The Henry Jackson Society (HJS) has published a report claiming up to half of Russian expats in the UK could be “informants” for the Kremlin, attracting ridicule.
The neocon think-tank’s report, titled “Putin Sees and Hears It All: How Russia’s Intelligence Agencies Menace The UK,” claims interviewees said “anywhere between a quarter and a half of Russian expats [in Britain] were, or have been, informants” for Russia’s various intelligence services.
In total, just 16 “on-and off-the-record conversations” were held with apparent informed sources and experts by the report’s author, Dr. Andrew Foxall, to arrive at the aforementioned conclusion.
Interviews were apparently conducted with “individuals who currently occupy, or previously occupied, positions of influence and power, particularly those who are consequential to Russian affairs.”
Unsurprisingly, the report has been criticized and mocked, with experts and social media users slamming the Henry Jackson Society for basing its claim on such a small sample size.
A sloppy rephrasing of the actual @HJS_Org report @Billbrowder. Of those interviewed many “suggested that anywhere between a quarter and a half of Russian expats were, or have been, informants” which authors admit reflects paranoia among Russian expats https://t.co/DkIJpuC7p5 https://t.co/FZeAhhUlfO— Ola McLees (@OlaMcLees) November 5, 2018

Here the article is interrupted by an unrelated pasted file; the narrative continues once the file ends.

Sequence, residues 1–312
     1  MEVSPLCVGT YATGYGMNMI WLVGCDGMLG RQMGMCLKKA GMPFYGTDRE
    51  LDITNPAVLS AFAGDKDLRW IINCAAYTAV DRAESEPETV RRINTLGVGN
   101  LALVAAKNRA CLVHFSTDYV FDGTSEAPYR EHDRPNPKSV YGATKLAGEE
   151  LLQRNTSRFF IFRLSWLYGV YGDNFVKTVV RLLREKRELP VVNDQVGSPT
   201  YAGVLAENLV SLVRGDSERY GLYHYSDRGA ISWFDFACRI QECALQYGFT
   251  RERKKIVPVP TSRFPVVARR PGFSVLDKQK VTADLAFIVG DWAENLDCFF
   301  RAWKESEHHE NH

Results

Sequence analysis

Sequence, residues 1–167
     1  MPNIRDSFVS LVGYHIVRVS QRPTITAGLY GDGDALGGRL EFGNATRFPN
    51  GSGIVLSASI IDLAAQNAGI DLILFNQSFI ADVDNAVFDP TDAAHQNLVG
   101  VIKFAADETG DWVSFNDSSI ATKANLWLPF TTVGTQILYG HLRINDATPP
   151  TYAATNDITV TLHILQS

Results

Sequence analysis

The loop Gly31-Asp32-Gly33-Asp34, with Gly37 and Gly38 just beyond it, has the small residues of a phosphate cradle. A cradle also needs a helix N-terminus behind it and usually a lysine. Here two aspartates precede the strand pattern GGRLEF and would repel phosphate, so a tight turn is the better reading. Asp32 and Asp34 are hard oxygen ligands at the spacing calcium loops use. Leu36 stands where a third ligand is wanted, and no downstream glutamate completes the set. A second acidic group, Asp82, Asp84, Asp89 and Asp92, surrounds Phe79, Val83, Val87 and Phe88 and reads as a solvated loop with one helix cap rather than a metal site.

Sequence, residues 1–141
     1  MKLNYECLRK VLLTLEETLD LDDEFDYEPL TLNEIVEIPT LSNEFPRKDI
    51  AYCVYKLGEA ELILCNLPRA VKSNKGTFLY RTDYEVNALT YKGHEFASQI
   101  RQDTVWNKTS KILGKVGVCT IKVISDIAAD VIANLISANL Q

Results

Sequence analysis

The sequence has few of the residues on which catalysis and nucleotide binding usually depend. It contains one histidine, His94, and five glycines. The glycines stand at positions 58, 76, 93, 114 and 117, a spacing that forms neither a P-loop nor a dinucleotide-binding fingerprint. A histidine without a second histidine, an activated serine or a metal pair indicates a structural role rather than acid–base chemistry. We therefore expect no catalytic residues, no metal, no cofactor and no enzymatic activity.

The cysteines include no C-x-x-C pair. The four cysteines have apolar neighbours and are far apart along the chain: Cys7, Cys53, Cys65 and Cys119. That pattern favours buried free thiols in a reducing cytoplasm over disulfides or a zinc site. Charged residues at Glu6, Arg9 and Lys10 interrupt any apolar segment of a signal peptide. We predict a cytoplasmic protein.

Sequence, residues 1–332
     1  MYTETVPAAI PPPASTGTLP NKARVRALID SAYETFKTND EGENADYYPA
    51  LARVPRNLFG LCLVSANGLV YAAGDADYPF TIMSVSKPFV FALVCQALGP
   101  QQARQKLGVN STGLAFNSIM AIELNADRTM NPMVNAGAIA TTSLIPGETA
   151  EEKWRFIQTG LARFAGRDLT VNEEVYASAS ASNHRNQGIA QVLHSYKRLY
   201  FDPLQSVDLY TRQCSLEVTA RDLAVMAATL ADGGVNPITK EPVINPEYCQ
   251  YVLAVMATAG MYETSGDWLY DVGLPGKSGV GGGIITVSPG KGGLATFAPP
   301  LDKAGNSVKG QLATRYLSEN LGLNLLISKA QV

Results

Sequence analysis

It's not only ridiculous (because only one person has been named, which is the exact point here) but also the study, doesn't specify pool, inquiry method, nor any definition of informer. Furthermore it is a study from HJS; which in the past has been outed as borderline xenophobic— TripleTroll (@TriTro29) November 5, 2018
A former student of the report’s author even described himself as “very disappointed” for the poor research, while others questioned the thinktanks “opaque” funding and motive for publishing such an unfounded claim.
Today the Henry Jackson Society jumped the shark: "Out of an estimated population of 150,000 Russian ex-pats living in London, up to half are said to be FSB, GRU, or SVR informants – potentially, some 75,000 assets." Very disappointed by former student who authored this report— Jeremy Morris (@russophiliac) November 5, 2018
Quite frankly, I'm more interested in finding out about the Henry Jackson Society's opaque funding, and who is paying for this, before I'm interested in hearing what they have to say.https://t.co/chtsTdTc2Xhttps://t.co/XIRne9GdRI— Clint Warren (@ClintWarren6) November 5, 2018
Despite skepticism, numerous outlets, including The Daily Mail, financial newspaper City A.M., and The Times, have blindly cited the report to spew more anti-Russian agenda.